Fecundity is a measure of the number of offspring produced by an organism over time. It is also called the reproductive rate of an organism. Fecundity is measured by the number of offspring that are created successfully. In sexually reproducing organisms, two gametes must meet and the process of fertilization must occur. This embryo must then be developed, and birthed into the world, either directly from the zygote, or from a seed, an egg, or directly from the mother. Fecundity is a measure of the number ofviable offspring, or offspring that have the potential to continue on reproducing. Fertility, on the other hand, is simply the ability to sexually reproduce successfully.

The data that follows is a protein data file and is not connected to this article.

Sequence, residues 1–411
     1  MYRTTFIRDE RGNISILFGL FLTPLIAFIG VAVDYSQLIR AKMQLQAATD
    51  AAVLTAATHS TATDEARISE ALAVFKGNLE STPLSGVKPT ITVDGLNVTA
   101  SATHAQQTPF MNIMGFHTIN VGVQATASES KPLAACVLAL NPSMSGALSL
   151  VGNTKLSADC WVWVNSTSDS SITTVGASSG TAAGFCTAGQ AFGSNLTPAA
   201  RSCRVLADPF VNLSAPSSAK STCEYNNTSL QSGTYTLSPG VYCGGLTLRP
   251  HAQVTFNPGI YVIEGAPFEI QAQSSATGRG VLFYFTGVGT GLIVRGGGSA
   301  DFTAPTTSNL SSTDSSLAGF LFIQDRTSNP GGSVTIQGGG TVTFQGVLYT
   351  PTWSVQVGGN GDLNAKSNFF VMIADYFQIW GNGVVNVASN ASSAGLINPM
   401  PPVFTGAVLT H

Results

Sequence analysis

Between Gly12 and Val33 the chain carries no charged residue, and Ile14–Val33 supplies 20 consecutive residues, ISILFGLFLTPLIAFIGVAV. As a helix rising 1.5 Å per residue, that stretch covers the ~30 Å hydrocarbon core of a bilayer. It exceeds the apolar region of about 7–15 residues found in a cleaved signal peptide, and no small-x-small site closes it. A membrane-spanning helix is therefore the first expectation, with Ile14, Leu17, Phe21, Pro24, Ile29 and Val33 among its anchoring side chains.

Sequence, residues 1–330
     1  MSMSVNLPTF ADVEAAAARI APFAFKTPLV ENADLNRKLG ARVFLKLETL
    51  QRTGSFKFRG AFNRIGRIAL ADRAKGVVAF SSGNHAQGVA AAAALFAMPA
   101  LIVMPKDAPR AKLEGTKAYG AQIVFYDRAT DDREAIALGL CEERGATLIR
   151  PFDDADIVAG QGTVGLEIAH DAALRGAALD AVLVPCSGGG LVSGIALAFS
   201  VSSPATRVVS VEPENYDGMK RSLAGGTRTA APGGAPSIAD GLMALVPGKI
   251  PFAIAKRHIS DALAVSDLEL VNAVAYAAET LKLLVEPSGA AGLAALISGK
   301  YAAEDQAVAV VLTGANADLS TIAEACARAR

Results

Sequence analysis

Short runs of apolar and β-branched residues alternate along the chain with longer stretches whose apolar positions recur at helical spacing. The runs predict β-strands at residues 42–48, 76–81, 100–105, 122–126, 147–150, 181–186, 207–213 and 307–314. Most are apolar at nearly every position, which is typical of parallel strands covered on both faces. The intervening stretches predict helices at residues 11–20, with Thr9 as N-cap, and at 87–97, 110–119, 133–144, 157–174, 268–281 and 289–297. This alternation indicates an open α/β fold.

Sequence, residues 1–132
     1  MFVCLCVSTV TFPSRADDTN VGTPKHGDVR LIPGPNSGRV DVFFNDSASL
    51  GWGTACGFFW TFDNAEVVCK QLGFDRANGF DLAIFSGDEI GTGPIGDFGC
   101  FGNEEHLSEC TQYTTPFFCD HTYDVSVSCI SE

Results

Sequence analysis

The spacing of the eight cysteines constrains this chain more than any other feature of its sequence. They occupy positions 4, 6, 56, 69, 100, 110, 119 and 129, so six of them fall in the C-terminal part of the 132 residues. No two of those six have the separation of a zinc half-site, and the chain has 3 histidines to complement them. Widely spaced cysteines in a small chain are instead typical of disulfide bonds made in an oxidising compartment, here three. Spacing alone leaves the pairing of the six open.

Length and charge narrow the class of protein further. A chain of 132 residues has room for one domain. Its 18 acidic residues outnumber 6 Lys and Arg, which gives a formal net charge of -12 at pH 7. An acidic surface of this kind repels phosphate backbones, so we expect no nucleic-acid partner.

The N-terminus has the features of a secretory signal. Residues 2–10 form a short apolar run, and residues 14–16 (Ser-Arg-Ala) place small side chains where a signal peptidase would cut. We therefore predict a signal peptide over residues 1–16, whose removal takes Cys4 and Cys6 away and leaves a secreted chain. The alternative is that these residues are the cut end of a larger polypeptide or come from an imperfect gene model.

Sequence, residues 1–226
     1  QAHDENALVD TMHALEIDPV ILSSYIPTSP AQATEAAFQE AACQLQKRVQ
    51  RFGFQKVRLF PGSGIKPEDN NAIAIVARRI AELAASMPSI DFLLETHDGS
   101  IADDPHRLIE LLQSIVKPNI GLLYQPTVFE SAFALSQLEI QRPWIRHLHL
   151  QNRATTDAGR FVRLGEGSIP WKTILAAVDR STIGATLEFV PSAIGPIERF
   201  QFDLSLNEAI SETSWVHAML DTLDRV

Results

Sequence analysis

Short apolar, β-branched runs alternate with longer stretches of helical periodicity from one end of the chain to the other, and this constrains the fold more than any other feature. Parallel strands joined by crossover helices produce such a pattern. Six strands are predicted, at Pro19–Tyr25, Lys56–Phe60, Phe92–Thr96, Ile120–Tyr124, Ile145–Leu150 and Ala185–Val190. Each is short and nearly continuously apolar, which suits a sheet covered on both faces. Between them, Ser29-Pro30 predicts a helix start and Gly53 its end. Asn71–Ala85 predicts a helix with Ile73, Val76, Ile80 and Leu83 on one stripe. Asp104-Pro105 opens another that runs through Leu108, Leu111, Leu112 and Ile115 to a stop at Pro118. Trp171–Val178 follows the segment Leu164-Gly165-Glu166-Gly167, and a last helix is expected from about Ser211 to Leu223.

A population exhibits more fecundity when each organisms produces more offspring successfully, and the population grows. Fertility is simply a description of whether or not individual animals are able to reproduce. An organism can produce many gametes ready for fertilization, but may never get the chance to reproduce. This organism would be fertile, but would show no fecundity. Fecundity can be measured in individual organisms, or in entire populations. The study of human demographics uses the measure of fecundity to help determine the rate of change a population is experiencing. Ecologists also use measures of fecundity to study reproductive rates in animal populations.